After an investigation that took almost a year and a half and covered what it said were the monopoly practices of Apple, Amazon, Facebook and Alphabet, the House Judiciary subcommittee on antitrust released the details of its work and its recommendations. Alphabet Inc. (NASDAQ: GOOGL) in particular has several large operations that might be spun out if the government presses for a breakup of the company. The three most likely candidates to be spun out are search engine Google, the Android OS business and the massive YouTube video site.
There is precedent for the breakup of a huge American company. The most recent example is AT&T, which was broken into several regional public corporations in 1984. A similar conclusion for the Alphabet situation would be the largest since then.
Alphabet dominates three major tech sectors. The first is search. It has 92% of the U.S. market. The second is its Android operating system, which runs on hundreds of millions of cellphones and smartphones around the world. Android’s only major competition is Apple’s iOS, though it runs only on Apple hardware. The third part of Alphabet that is much larger than its competition is YouTube, which has about 75% of the video platform market in America. This includes video sharing sites but not streaming video businesses like Netflix. YouTube’s dominance is based on its video ad revenue share, which is driven, in part, by Google’s video search results.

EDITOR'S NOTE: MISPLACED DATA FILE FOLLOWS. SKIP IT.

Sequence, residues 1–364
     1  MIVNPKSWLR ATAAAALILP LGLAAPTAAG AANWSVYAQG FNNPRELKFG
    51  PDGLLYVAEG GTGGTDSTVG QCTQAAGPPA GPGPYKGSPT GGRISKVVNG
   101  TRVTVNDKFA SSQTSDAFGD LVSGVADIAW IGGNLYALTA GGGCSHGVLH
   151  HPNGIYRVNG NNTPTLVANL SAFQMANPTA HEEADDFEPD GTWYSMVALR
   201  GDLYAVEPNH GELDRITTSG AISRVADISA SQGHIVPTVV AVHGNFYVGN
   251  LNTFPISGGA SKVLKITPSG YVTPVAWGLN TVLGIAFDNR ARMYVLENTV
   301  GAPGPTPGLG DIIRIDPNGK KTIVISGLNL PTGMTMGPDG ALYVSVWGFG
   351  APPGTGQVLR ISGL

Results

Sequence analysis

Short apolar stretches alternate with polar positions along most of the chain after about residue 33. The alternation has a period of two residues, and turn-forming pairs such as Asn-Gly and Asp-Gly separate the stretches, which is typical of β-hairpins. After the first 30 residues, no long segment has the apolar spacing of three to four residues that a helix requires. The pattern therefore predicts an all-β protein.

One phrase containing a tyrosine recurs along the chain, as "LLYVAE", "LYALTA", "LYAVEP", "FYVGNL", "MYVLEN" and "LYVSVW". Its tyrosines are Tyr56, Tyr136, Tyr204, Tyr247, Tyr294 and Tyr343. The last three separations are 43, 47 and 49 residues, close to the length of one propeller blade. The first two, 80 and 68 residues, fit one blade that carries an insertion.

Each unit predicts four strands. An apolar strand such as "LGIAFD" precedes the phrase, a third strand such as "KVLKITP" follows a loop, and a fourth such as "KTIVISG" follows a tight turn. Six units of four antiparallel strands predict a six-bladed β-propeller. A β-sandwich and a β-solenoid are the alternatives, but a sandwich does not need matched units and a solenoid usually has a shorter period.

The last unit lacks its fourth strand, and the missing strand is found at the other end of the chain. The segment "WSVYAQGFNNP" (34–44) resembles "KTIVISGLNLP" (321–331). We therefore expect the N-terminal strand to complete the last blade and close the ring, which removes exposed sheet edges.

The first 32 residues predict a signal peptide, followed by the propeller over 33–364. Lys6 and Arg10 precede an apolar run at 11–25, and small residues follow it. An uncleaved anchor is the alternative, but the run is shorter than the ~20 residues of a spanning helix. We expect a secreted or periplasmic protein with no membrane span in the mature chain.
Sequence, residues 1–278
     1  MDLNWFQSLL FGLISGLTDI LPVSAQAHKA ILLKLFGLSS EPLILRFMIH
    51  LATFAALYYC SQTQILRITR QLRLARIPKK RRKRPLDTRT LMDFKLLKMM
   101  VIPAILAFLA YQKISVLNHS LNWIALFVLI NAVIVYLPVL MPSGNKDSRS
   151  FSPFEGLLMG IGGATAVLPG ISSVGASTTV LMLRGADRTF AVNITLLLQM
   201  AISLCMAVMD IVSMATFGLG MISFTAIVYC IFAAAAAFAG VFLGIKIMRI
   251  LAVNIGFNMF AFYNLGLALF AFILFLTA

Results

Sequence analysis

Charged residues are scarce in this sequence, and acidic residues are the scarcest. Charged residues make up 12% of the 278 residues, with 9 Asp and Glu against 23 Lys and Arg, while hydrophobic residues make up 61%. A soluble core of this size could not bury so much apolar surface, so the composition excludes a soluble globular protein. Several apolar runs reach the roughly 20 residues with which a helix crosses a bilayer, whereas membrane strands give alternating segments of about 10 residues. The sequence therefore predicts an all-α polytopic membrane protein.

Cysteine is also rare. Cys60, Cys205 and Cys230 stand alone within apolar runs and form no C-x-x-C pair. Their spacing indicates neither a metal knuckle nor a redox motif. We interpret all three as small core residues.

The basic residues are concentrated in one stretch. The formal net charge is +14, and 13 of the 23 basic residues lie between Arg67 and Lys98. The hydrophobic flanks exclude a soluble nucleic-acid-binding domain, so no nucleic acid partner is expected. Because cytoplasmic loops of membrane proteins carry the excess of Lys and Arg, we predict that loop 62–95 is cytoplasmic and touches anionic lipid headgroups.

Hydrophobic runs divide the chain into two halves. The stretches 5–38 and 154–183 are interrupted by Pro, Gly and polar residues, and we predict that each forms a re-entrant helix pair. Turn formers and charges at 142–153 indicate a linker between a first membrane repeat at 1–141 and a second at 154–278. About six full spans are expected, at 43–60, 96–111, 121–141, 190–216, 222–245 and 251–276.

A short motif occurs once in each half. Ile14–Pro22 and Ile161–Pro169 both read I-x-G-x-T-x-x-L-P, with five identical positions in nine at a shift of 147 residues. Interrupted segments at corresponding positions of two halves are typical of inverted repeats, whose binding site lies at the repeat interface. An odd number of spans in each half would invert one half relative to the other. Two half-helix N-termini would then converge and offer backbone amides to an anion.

Google’s search function is bundled into the Android OS when it is loaded onto phones and that gives it a huge advantage over its search competitors. Google is also the dominant search engine on iPhones. The relationship with Android guarantees that as each new generation of smartphones is released, Google will remain the default search engine. Google’s position among search engines means it gets almost all the sector’s advertising revenue. That, in turn, gives it pricing power. Google’s share of all digital advertising in America is about 40%, which extends its dominance well beyond search advertising.
The Android OS does not only help Google. Its presence on phones drives the use of other Alphabet products, including Google Maps, Gmail, YouTube, Google’s Chrome browser and Google’s calendar app, among others. If decoupled from Google by law, Android OS installations likely would need to feature other search engines, email, calendars, spreadsheet software and browsers. Android might keep its position as the largest mobile OS, but it would need to promote software that competes with other Alphabet product lines.
YouTube also benefits from Android. Specifically, it gets, according to those who believe Google is a monopoly, favorable search results and therefore traffic from Google. If so, it indexes ahead of its video site competitors in search results, which in turn, drives up its traffic. It is a perfect cycle to boost YouTube viewership, and therefore its ad revenue. It is estimated that YouTube ad revenue will be as high as $20 billion this year, a major component of Alphabet’s total top line.
A government antitrust case against Alphabet could take years to resolve because it would work its way through levels of the federal court system. Nevertheless, it is not hard to see how Alphabet’s three primary businesses benefit one another and stifle competition. In terms of locating and breaking out operations, Google’s structure is not complex.